The difference is in the business model. You can grow businesses that rely on people for the delivery of your service (particularly if the people are adding or creating value not just delivering a process), but they’re difficult to scale.

Tech based businesses have the edge when it comes to scaling. In order to scale, a business needs to serve many customers, frequently. Reach and distribution is vital. If technology can facilitate this then economies of scale are more accessible and realisable. 

Accepting the heavy initial investment, once a tech firm has passed break-even point and gained traction in recruiting new customers scaling is underway. This is demonstrated in the classic “J curve” (or “hockey stick”) trajectory (Fig. 3).

A service firm usually has a flatter growth trajectory, whilst a tech firm (or similar) is more of a rollercoaster. That said for a lucky few Tech founders at least, the potential for a much steeper scaling phase is more easily accessible.

Scaling your agency

Different Businesses

To illustrate my point further, let’s take a look at 3 separate companies.

 1. Marks and Spencer is a British retailer established over 135 years ago in Leeds. It currently has 85,000 employees, with revenue per person standing at around £122,000.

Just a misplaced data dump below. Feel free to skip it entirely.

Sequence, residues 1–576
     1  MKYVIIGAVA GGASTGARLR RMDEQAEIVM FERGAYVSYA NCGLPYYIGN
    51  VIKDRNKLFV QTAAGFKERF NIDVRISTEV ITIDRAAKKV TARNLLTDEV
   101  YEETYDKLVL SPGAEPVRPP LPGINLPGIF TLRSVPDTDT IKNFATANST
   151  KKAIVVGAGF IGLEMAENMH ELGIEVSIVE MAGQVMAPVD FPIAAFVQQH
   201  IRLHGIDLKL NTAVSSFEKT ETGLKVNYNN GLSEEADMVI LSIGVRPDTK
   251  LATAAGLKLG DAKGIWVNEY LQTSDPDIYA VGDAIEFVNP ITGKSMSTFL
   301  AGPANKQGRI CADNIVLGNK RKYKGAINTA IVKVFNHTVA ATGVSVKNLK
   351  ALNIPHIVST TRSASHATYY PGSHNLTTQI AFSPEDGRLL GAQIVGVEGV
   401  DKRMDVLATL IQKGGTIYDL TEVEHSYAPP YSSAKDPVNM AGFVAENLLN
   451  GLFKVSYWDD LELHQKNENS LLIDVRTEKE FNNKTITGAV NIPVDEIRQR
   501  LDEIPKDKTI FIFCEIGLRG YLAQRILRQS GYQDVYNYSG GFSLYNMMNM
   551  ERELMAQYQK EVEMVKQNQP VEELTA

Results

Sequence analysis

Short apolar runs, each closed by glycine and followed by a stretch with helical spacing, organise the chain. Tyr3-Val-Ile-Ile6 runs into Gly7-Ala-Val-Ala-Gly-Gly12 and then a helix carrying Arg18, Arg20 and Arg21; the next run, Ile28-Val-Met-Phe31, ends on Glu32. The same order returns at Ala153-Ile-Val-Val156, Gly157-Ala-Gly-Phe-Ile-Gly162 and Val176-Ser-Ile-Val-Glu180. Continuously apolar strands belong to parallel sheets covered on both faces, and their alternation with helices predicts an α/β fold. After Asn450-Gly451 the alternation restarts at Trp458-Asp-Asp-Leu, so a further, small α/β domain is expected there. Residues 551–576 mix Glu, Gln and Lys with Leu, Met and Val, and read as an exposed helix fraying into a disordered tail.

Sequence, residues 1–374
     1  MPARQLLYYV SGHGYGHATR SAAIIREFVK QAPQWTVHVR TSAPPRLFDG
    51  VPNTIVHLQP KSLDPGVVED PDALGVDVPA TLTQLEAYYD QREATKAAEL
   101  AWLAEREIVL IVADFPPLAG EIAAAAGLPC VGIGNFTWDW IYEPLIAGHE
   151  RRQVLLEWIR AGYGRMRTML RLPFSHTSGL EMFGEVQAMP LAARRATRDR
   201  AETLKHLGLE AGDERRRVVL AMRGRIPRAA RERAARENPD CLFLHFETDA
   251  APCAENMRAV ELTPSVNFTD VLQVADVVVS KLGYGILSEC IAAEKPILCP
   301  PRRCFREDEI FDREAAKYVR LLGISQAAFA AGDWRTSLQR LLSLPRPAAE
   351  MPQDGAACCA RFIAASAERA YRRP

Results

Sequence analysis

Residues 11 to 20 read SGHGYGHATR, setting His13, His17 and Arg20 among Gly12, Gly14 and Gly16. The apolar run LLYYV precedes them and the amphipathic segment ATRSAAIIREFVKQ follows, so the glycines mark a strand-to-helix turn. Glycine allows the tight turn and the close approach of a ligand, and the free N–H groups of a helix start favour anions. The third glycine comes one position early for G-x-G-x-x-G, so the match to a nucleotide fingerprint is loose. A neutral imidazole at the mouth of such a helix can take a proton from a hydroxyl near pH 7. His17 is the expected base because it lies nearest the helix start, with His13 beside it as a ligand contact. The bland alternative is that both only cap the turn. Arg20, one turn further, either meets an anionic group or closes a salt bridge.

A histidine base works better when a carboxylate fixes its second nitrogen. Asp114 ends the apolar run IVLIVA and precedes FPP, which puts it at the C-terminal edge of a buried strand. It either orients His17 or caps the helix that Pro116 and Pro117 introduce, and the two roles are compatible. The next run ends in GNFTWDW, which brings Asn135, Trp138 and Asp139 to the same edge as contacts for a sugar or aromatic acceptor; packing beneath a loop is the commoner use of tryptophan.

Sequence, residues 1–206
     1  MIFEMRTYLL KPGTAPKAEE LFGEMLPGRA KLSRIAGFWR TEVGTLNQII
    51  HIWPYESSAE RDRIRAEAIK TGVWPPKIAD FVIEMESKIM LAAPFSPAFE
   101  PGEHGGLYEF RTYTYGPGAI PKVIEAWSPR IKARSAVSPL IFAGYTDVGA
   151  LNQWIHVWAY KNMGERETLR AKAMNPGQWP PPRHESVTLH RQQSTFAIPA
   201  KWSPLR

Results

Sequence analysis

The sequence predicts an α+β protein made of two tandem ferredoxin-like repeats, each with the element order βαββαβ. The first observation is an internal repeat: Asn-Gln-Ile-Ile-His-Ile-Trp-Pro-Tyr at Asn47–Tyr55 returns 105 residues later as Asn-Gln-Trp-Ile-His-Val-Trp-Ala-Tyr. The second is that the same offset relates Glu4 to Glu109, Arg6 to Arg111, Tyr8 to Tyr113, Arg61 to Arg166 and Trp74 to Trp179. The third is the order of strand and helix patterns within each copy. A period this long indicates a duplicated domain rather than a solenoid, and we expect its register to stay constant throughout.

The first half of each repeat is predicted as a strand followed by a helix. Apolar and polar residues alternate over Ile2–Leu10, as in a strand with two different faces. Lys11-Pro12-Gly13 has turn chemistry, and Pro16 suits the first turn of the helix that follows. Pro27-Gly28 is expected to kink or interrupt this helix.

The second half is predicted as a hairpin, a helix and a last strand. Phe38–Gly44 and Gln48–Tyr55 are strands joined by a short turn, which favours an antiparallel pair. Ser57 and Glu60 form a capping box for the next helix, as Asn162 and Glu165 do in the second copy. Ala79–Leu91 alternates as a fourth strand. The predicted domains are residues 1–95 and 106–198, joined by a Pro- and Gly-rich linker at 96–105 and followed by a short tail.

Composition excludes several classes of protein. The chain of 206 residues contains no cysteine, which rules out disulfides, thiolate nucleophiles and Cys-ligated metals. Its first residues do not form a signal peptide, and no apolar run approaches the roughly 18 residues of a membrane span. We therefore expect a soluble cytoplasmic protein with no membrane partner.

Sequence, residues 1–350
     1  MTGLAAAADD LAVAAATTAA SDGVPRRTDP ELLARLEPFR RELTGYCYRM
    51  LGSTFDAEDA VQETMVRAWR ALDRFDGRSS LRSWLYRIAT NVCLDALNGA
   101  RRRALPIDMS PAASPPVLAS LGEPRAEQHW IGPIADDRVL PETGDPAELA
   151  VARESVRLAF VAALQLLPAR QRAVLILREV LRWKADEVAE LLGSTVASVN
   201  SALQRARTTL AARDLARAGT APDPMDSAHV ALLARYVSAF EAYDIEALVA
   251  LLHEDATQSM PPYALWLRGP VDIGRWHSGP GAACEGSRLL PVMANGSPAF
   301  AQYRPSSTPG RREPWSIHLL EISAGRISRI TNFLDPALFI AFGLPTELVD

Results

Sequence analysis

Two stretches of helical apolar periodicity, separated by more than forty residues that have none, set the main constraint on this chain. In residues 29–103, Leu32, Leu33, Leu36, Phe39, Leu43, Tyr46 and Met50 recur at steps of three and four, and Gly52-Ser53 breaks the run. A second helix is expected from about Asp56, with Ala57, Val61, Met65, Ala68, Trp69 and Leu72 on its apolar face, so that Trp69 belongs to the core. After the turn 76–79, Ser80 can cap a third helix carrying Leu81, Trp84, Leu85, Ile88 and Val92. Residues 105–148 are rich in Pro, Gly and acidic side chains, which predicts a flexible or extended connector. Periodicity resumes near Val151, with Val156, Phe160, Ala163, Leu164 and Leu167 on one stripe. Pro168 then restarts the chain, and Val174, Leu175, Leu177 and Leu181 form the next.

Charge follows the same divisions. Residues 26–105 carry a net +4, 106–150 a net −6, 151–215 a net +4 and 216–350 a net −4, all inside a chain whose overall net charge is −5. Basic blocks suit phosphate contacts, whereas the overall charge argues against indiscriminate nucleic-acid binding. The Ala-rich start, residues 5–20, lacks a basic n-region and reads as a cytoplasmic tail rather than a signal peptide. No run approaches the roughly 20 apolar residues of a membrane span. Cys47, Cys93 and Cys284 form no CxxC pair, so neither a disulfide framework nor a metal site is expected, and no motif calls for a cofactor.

2. WPP started life as a manufacturer of teapots and baskets, but after Sir Martin Sorrell took a controlling stake in 1985, he built it into a global advertising and marketing services group. Today it employs 130,000 people and has revenue of £130,000 per person.

 3. Facebook needs no further introduction. At less than 16 years old, the company employs – only – 40,000 people. They currently run a business that achieves revenues of £1.16M per person.

Three very different businesses built on 3 very different business models.  The difference in revenue per person between Facebook and the other 2 is remarkable (N.B. the profit per person figures are even more astounding) 

Clearly, Facebook is a tech platform and whilst there are several reasons for its phenomenal success, the scalability of its platform, and therefore its entire business is certainly paramount.

Scaling an agency

Growing an agency is not an easy task. Scaling an agency, whilst not impossible, is even more difficult and requires a different strategy.